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Improved transport infrastructure in Pakistan along with enhanced private sector involvement in infrastructure financing, road safety interventions and support to regulatory environment, leading to increased trade and economic growth in Pakistan
A global programme supporting governance and market reforms aimed at reducing the illegal use of forest resources, benefitting poor forest-dependent people and promoting sustainable growth in developing countries.
The programme aims to increase sustainable and shared prosperity in Kenya by increasing Kenya’s trade with the region and the rest of the world. Specifically, the programme will (i) invest in improving the efficiency and capacity of transport, logistics and trade infrastructure at Mombasa Port and key border points; (ii) invest in systems to improve trading standards, reduce non-tariff barriers and enhance transparency in trade processes; (iii) improve the regulatory and policy environment for trade; and (iv) support private sector advocacy for trade competitiveness, the export capacity of Kenyan businesses and the greater participation of women and small and growing businesses in trade.
To improve the pace of infrastructure development and enhance regional trade competitiveness, by delivering improvement to the managerial capacity and physical layout for cargo handling at the Port of Mombasa, and improved regulatory framework for trade. This will contribute to increased exports and regional trade in East Africa benefitting the regional population.
Greater regional integration and trade competitiveness in Uganda . It is expected that the programme will reduce transport times along the northern corridor by 15% and increase Uganda’s exports by 10%.
The programme – known as the FoodTrade Eastern and Southern Africa - aims to stimulate cross-border regional trade of staple food from surplus to deficit areas in Eastern and Southern Africa in order to benefit producers and consumers. The programme works with private sector and policy makers to improve the predictability of the rules regulating cross border trade in staple food, stimulate investments and support farmers to benefit from participation in regional supply chains.
The programme aims to help the poor by creating jobs, raising incomes or delivering welfare benefits to consumers. It will support 340,000 poor people in Nigeria, Malawi, Burma and other priority counties by improving the performance and inclusiveness of key market systems on which they depend.
The UK will provide up to £32m (2017 – 2023) to support TMEA's Strategy 2 (S2), which aims to remove trade-related barriers to inclusive growth in Rwanda and the East African Community (EAC). Rwanda is one of the most expensive and time consuming trade destinations in the world, suffering from high transport costs, inefficient logistics services and poor infrastructure. While TMEA S1 made good progress in reducing these barriers, continued support in S2 is needed to translate the transport time savings to date into sustained cost reductions and growth benefits for Rwandans. S2 will: i) tackle hard and soft barriers to trade (e.g. improving transport infrastructure and export standards); and ii) enhance Rwanda's trade competitiveness (e.g. improving capacity of Rwandan exporters and increasing the efficiency of logistics services). Expected results by 2023 include: (i) 0.3% GDP growth above trend; (ii) 300,000 jobs; US$90m net welfare gain for producers and consumers in Rwanda.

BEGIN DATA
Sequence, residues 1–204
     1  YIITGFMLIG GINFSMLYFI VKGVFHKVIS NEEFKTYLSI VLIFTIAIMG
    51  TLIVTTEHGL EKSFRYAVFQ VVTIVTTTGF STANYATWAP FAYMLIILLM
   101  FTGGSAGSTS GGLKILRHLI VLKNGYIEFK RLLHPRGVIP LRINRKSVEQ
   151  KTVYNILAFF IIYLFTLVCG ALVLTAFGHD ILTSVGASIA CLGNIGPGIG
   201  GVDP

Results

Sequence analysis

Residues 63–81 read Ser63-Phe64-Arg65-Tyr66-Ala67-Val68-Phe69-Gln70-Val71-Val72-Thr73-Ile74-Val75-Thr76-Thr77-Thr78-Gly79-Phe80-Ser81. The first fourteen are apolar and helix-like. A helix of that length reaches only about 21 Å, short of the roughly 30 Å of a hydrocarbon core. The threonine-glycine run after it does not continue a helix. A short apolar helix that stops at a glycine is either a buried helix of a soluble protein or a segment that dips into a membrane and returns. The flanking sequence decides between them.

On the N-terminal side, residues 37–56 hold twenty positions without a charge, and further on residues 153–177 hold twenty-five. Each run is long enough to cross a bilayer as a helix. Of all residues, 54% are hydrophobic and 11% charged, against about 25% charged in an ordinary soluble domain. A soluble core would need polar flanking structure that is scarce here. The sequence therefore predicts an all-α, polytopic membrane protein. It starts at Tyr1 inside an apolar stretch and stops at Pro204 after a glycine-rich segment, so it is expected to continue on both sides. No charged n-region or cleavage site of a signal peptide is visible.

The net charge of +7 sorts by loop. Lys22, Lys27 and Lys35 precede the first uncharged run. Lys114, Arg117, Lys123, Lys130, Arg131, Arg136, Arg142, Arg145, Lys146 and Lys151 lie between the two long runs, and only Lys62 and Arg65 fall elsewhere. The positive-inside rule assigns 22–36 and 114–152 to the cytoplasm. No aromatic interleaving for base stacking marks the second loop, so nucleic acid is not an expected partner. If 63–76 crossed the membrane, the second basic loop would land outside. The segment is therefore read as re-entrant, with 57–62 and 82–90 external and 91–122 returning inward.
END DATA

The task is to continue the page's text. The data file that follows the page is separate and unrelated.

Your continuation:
The programme aims to increase sustainable and shared prosperity in East Africa by increasing East Africa’s trade with the region and the rest of the world. Specifically, the programme will (i) invest in improving the efficiency and capacity of transport, logistics and trade infrastructure at key port and border points; (ii) invest in systems to improve trading standards, reduce non-tariff barriers and enhance transparency in trade processes; (iii) improve the regulatory and policy environment for trade; and (iv) support private sector advocacy for trade competitiveness, the export capacity of East African businesses and the greater participation of women and small and growing businesses in trade.
To support developing countries use trade to achieve economic growth and poverty reduction. The programme will provide analytical, evidence-based research, and trade diagnostics tools and databases. The programme activities aim to build the trade capacity in 72 developing countries to better integrate into the global trading system in order to enhance their economic development. The research and knowledge will support developing countries to gain access to global markets as well as inform policy making decisions contributing to achieving poverty reduction, integral to DFID’s Economic Development Strategy. The programme will also provide financial and technical support to develop sustainable trade strategies that will have a positive impact on poor people’s lives through the promotion of private sector development and job opportunities.